Holding your phone at arm’s length and yelling at the top of your lungs at the automated voice on the other end may seem like the type of thing reserved for a TV sitcom or a video about the challenges of speech recognition engines understanding a Scottish accent. Yet, the reason that these images resonate so deeply with a broad cross-section of people is because the bogey man of poor automation is one that is understood through experience.
A Bad Rap
Interactive voice response (IVR) gets a bad rap in large part because of how it was abused in the past. Focusing on the bottom line and not on providing good customer service is a typical culprit in this situation. For many companies their call center doesn’t provide the type of ROI they want to see. In some cases, the goal for a company is to active prevent calls going to their more expensive service channels.
Others may have gone into automation with good intentions, but never put the time into properly fine tune or update their application. This leads to a “set it and forget it” situation where the automated system produces long hold times, a never-ending string of messages assuring callers that their call is important, and phone menus that are so labyrinthine that not even David Bowie would be interested in using it.
Blaming the technology itself is like blaming a golf club for slicing a shot and breaking a window. In reality, the root of the issue lies in user error. After all, an IVR application is only as good as the person who designs it. That’s why putting the extra time into planning and design is key.
It Just Works
And yet… and yet… When a company has a good, well-designed IVR no one ever says, “Wow, that was a great phone system!” It’s just the nature of the beast that the things that “just work” are taken for granted. People don’t associate these applications with IVR because that’s not the lived experience that most people have.
It doesn’t have to be this way. IVR has come a long way since those not-so-halcyon days when it was used almost exclusively as a virtual receptionist. Advances in automatic speech recognition (ASR) makes hands-free navigation of phone menus easier than ever. To use an industry term, ASR may not be at a “five 9s” level of reliability yet, but good engines are at least in the 90th percentile or better when it comes to accuracy. Those times when ASR doesn’t come through though, systems with error-correction built-in still make it easy for callers to complete tasks. At the end of the day, attention to system design is a vital operator.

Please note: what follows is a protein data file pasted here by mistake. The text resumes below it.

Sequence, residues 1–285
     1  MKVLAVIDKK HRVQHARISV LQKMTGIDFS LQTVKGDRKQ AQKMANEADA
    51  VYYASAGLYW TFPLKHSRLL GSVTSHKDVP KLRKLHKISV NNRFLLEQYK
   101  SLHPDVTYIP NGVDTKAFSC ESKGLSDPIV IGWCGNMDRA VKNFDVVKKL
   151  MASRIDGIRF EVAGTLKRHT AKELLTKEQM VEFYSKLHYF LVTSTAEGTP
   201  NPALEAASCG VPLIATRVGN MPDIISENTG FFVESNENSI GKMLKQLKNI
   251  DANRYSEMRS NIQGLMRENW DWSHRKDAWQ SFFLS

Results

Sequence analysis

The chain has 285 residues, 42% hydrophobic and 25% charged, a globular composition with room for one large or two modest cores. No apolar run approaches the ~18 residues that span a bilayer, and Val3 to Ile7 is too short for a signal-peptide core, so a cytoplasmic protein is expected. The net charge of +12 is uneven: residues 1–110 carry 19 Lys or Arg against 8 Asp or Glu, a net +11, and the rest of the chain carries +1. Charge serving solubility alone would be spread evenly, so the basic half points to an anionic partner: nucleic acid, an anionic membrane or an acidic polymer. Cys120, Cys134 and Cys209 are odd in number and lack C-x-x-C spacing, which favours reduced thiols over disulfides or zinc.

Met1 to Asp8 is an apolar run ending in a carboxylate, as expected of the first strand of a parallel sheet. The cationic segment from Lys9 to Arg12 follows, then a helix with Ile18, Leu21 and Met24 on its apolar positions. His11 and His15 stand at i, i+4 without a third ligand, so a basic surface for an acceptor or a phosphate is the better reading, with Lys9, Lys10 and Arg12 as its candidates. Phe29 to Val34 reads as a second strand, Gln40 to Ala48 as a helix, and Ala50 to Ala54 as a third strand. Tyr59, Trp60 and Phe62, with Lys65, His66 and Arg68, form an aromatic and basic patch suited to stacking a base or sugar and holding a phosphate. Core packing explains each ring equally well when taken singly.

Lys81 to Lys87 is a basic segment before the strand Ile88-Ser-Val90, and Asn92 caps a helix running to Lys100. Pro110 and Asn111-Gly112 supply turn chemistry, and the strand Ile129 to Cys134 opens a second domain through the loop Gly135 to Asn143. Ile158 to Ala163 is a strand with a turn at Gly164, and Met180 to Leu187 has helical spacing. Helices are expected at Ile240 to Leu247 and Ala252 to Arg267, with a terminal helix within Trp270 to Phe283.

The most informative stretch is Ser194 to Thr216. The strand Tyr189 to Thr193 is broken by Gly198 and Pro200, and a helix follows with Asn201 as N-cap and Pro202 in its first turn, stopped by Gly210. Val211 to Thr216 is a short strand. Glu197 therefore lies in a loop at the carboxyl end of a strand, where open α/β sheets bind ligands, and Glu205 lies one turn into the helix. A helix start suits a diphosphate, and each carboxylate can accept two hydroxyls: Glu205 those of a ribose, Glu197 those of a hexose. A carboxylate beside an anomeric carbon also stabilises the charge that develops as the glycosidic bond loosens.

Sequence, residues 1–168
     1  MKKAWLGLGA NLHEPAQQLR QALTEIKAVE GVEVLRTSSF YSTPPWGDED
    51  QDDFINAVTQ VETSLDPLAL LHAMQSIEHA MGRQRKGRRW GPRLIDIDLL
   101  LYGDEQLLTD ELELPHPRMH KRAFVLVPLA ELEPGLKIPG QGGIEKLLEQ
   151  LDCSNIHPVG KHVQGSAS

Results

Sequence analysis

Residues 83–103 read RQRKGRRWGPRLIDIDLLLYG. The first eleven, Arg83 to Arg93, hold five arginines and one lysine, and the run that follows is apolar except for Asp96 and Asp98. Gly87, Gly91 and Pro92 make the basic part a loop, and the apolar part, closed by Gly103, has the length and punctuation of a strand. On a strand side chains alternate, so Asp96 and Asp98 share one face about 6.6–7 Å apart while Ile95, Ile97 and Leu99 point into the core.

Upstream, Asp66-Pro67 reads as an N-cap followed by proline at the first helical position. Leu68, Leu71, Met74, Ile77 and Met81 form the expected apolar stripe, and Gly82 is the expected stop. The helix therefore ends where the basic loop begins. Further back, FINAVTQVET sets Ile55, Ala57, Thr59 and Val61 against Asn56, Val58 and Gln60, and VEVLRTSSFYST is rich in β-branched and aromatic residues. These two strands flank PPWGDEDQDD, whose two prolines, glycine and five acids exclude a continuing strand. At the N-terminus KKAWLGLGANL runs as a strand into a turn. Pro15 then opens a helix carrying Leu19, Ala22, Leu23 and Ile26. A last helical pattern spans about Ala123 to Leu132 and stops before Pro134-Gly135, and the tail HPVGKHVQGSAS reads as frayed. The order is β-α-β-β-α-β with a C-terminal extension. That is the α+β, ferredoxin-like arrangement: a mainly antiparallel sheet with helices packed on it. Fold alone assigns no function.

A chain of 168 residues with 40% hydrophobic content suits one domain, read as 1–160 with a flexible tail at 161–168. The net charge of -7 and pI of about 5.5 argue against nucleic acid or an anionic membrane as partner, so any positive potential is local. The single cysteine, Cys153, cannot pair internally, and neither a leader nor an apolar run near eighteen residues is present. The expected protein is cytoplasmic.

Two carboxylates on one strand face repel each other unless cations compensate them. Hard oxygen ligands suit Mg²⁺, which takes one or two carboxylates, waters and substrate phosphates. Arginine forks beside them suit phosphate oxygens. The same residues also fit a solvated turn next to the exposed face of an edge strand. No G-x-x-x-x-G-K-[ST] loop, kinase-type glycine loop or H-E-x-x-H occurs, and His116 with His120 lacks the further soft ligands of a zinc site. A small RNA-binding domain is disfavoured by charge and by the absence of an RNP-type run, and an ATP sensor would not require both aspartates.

Therein lies the crux of the thing. The ability to quickly and easily complete tasks on the phone is the hallmark of a good IVR. A truly customer-focused company understands this, and continually optimizes and improves their self-service applications to provide great automation. Just like in Hollywood, filmmakers want their CGI effects to be so realistic that you can’t tell whether they’re real or fake, so too should enterprises make their IVR applications so seamless that a caller never even considers transferring to an agent.
Hold The Applause
Let’s be honest. Given the bad rap that IVR gets the last thing you want to build is a typical IVR. So don’t! Instead, use IVR technology to design, build, and optimize a voice application that caters to the needs of your callers. The fact that an application like this boosts ROI all while providing great customer service, is more than a fringe benefit. It’s justification for extending customer experience principles to self-service systems.
Naturally, your customers would thank you, but with a well designed automated communications app they may not even notice. After all, that’s the goal, right?
None of this is submitted without a dose or realism though. What many don’t realize is how expensive it is to have something that “just works.” There’s a reason that for every Siri or Cortana there are thousands of less sophisticated IVR applications. Apple spent $200M to acquire the technology behind Siri, and the Siri team remains one of the largest at the company. We’re not talking about pocket change here.
Then again, not every company wants or needs a voice application with a personality like Siri. A company like FedEx, which has robust ASR technology in its IVR application, spent millions developing it, and maintaining it isn’t an exercise in frugality either. There remains a need to balance the cost of developing and maintaining that technology with everything else on your plate. Exploring and understanding what it takes to get great ASR is critical if you want to include it in your automation plans.